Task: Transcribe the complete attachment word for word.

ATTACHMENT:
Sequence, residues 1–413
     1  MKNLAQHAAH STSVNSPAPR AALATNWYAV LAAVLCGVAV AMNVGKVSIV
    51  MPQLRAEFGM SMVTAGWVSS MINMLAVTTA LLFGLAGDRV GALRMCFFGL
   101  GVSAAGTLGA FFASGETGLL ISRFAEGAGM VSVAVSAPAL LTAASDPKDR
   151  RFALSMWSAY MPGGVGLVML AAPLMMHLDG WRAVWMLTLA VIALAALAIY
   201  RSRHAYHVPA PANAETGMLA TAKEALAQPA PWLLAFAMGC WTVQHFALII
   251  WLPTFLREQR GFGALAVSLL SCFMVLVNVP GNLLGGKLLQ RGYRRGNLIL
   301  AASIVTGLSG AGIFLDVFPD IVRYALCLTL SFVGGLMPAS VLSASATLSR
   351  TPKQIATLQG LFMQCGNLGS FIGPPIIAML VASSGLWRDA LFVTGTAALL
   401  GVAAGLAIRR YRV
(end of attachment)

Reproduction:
Sequence, residues 1–413
     1  MKNLAQHAAH STSVNSPAPR AALATNWYAV LAAVLCGVAV AMNVGKVSIV
    51  MPQLRAEFGM SMVTAGWVSS MINMLAVTTA LLFGLAGDRV GALRMCFFGL
   101  GVSAAGTLGA FFASGETGLL ISRFAEGAGM VSVAVSAPAL LTAASDPKDR
   151  RFALSMWSAY MPGGVGLVML AAPLMMHLDG WRAVWMLTLA VIALAALAIY
   201  RSRHAYHVPA PANAETGMLA TAKEALAQPA PWLLAFAMGC WTVQHFALII
   251  WLPTFLREQR GFGALAVSLL SCFMVLVNVP GNLLGGKLLQ RGYRRGNLIL
   301  AASIVTGLSG AGIFLDVFPD IVRYALCLTL SFVGGLMPAS VLSASATLSR
   351  TPKQIATLQG LFMQCGNLGS FIGPPIIAML VASSGLWRDA LFVTGTAALL
   401  GVAAGLAIRR YRV